Botnets: The Dangerous Downside of the Internet of Things

Written by Bernard Marr

The Internet of Things (IoT) is the name given to describe the relatively new technology that connects everyday objects and devices to the web to provide additional data or functionality. But in the race to create that next “it” product that no one can live without (smart fry pans anyone?), manufacturers and users are creating dangerous side effects known as botnets.

The term botnet simply means a group of internet-connected devices controlled by a central system. But the term is most often used in conjunction with a particular type of malicious hacking, especially Distributed Denial of Service Attacks (DDoS attacks). In this case, a hacker uses a large botnet group of internet-connected devices to flood a website or network resource with fake requests so that legitimate users cannot access it.

By using a botnet with hundreds or even thousands of devices, all with their own unique IP addresses, the hacker makes it almost impossible to stop the attack or distinguish legitimate users from fake ones.

Now, botnets are not new.  Since as early as 2000, hackers have been using botnets by gaining access to unsecured devices (usually computers then) in order to create these DDoS attacks. But the Internet of Things has made the problem much worse.

The market has been flooded with inexpensive devices — webcams, baby monitors, thermostats, and yes, even yoga mats and fry pans — that connect to the Internet, each of which has its own IP address. But these devices have little or no built-in security, and even when they do, users often neglect to even take the basic step of setting a password for them.

That makes them easy targets for hackers wanting to create and use a botnet.

Screed displaying activities of a ‘botnet’ attack (Photo BORIS ROESSLER/AFP/Getty Images)

 In October of 2016, a botnet comprised of an estimated 100,000 unsecured IoT devices took an integral Internet infrastructure provider, Dyn, partially offline. As a result, many high-profile and high-traffic websites, including Netflix and Twitter, disappeared from the Internet for a short time.

The botnet that accomplished this feat was created with malware called Mirai that automates the process of coopting these unsecured devices — and is publicly available. In other words, this wasn’t some genius hacker writing a new and innovative bit of code, but rather someone putting what already exists to new uses.  And all those many devices that were infected with Mirai? They will continue to be able to be used until the owners throw them out.

DDoS attacks like this aren’t the only ways in which botnets can be used by hackers.  They can be used to perpetrate click fraud (defrauding online advertising services which pay by the click), evade spam filters, speed up password guessing, mine Bitcoins, or really anything else that would require a large network of computers working together.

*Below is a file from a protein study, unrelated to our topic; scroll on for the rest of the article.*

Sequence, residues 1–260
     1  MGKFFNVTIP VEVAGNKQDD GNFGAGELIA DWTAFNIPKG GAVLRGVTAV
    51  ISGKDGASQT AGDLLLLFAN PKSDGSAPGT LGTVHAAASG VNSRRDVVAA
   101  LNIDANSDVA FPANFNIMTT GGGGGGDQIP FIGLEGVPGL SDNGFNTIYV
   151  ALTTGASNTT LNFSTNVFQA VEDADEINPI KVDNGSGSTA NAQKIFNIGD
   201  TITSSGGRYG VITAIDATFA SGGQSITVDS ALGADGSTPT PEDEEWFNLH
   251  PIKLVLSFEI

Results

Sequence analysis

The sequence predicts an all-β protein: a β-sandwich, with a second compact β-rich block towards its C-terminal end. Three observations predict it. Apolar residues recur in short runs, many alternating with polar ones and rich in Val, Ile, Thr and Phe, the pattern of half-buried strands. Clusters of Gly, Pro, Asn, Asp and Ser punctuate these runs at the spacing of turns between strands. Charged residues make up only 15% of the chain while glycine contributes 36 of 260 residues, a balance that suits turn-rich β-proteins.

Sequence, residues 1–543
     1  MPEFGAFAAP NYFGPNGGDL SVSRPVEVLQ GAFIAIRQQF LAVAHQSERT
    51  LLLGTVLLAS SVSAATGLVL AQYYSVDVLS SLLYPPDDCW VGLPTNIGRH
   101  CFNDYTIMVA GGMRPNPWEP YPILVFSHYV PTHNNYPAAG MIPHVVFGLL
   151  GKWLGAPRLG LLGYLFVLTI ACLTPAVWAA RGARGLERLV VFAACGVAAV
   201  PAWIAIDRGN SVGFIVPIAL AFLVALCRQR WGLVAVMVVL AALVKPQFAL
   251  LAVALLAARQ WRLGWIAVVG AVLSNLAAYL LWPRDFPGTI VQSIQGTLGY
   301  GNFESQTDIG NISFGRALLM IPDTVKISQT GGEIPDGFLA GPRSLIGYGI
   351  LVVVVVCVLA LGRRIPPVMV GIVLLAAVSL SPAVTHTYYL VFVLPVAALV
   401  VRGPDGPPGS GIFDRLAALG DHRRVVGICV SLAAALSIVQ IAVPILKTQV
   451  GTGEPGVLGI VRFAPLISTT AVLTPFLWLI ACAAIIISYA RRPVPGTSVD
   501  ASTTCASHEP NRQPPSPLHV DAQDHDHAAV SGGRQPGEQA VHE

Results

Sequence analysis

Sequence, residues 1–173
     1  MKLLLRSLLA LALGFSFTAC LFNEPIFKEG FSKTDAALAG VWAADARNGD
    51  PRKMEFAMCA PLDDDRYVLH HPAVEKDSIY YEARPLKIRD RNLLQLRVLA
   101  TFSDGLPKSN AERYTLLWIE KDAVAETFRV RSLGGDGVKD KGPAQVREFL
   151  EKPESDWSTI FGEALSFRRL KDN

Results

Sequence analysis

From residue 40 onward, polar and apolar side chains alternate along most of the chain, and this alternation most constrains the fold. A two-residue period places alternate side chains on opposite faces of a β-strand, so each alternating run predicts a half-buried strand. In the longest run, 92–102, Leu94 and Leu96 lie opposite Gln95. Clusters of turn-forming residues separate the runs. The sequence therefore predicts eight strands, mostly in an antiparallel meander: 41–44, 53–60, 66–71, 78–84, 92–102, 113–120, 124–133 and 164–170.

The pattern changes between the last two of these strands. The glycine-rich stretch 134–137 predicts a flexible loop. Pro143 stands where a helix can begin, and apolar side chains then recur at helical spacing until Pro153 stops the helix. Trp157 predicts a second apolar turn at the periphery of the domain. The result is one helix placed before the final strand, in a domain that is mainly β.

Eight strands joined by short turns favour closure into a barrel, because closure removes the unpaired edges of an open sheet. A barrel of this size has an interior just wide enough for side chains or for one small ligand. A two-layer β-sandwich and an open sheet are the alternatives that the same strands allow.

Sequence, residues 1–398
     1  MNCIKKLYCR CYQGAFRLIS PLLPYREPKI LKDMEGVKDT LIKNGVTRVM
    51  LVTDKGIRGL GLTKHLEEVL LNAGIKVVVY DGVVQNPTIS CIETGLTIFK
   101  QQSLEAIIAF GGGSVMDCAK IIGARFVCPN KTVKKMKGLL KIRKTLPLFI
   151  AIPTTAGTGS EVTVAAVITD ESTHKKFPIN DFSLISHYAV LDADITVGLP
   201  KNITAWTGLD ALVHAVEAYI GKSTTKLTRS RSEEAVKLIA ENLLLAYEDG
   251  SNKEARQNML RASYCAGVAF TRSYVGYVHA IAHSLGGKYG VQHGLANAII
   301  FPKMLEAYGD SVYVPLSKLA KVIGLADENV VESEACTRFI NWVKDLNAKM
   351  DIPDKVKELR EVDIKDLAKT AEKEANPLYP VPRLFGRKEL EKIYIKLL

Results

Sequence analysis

In fact, it’s something of an open secret that criminal organizations can rent time on a botnet to perform whatever task they like.

The best solution would be to ensure that all IoT devices run on secure software, but the likelihood of that is slim. Most IoT devices aren’t designed with security in mind (who cares if someone sees the data from your fry pan, right?) and have no way of being patched to add additional security. And there are millions of devices already in use and being made and sold.

Because the use and manufacture of IoT devices are expected to grow exponentially over the next few years, the problem of botnets is also likely to grow. And the security measures we have that are at least somewhat effective against them now, will quickly be outwitted and outmoded by the attackers.

Read more at www.forbes.com

Trackback from your site.

Comments (2)

  • Avatar

    Jeff Greenwell

    |

    The upside to IoT and a completely distributed network is that the government cannot control it. There is no on/off switch for a distributed network. The downside of it is that vulnerabilities can be exploited on a massive scale. I design and build software for embedded energy devices, some of which are IoT. As we work through our cyber security evaluations, it becomes more and more clear, IoT scares the hell out of me, and if I’m scared, others should be really concerned. I have been doing this stuff for a living for a very long time now.

    Reply

    • Avatar

      Jeff Greenwell

      |

      Oh, and by the way, on the Internet, there is no such thing as “secure”. Much like the complexities of climate, so are the layers of hardware and software, from the physical transport layers, to the microcoding, to the hardware design, up through the firmware, through the middleware and all the way through the HMI (machine human interface) layer, there are potentially infinite layers of vulnerability. It only takes a single pinhole in just one of those layers and the entire stack becomes vulnerable. “Security” is impossible in this realm.

      Reply

Leave a comment

You must be logged in to post a comment.